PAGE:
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Commissioner Roger Goodell eschewed bro hugs and a podium during the NFL draft last April, when he was forced to announce teams’ picks from his wood-paneled basement as the league conducted the event virtually while the coronavirus raged.

For part of the night, when New England Patriots coach Bill Belichick briefly left his setup at a dining table, his pet dog, Nike, seemed to be orchestrating the franchise’s moves. TV cameras captured the husky sitting near its owner’s computer.

Arizona Cardinals coach Kliff Kingsbury drafted from his luxurious, white modern home, and Dallas Cowboys owner Jerry Jones sent in his choice from below deck on his yacht. Scenes of both men went viral because of their backdrops, and a record 15.6 million people watched the first round despite its teleconference feel.

The 2020 NFL draft was very different from the glossy production that the league has become used to hosting. Since 2015, the three-day event has grown from a staid broadcast to a multi-location football festival with musical performances. The event last year was supposed to culminate with an extravagant display in Las Vegas, where drafted players would be ushered by boat to a stage floating in the fountain outside the Bellagio Hotel & Casino. That plan was moved to 2022.

The NFL announced Monday that the coming draft, slated to take place from April 29 to May 1, will be a bridge between the league’s recent extremes. Goodell will once again announce selections from a stage, this time in Cleveland, and team personnel will once again be allowed to work from so-called war rooms, as long as they follow local health guidelines. ESPN, ABC and the NFL Network will televise the event.

This version of the annual spectacle will marry the ceremony of the league’s recent drafts with the socially distanced production elements from last season. Some rookies will still participate virtually from their homes, while mask and distancing requirements will be in place for those on site in Cleveland. The NFL did not immediately respond to a request for comment about how many prospects will be in Cleveland, or about whether health protocols will prevent the bear hugs between draftees and Goodell that have been a hallmark of the event.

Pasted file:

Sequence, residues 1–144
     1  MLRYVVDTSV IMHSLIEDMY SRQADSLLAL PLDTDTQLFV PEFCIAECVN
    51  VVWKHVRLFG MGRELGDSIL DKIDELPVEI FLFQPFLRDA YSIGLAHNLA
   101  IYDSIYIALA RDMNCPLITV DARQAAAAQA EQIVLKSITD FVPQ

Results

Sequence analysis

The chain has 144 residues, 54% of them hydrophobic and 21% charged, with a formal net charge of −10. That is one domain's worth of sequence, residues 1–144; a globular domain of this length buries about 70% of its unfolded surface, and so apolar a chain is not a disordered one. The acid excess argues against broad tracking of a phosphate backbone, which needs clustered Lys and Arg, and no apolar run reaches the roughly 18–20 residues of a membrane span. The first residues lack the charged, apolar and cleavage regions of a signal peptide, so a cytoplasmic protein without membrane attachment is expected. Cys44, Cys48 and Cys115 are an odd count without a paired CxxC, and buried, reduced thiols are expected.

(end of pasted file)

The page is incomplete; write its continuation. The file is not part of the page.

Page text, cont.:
The draft will be the NFL’s first public event since Super Bowl LV, which took place with a hybrid attendance model in Tampa, Florida. There, 22,000 fans — a relatively large number in the pandemic era but the lowest attendance ever for the event — watched in person, following masks and social-distancing measures, at Raymond James Stadium as the Tampa Bay Buccaneers defeated the Kansas City Chiefs.

The prospect of a celebratory championship, or even completing a full season, had been in doubt in March 2020. But despite outbreaks at team facilities and the slew of schedule changes that resulted, the NFL played all 256 regular-season games and a full playoff slate within the confines of the season’s planned start and end dates. From August through the end of the playoffs, 262 players and 463 team personnel, or 0.08%, contracted the coronavirus. Those statistics, along with a steady decline of infections and loosened local restrictions across the country, allowed some of the league’s teams to raise permitted attendance levels at games as the season progressed.

Goodell will announce picks from an outdoor stage near Lake Erie, and invited fans from all 32 teams will watch from a nearby theater. Those fans must be fully vaccinated, according to a statement released by the league Monday. Entertainers, coordinated by the Rock & Roll Hall of Fame, will also perform at the main stage.

© 2021 The New York Times Company
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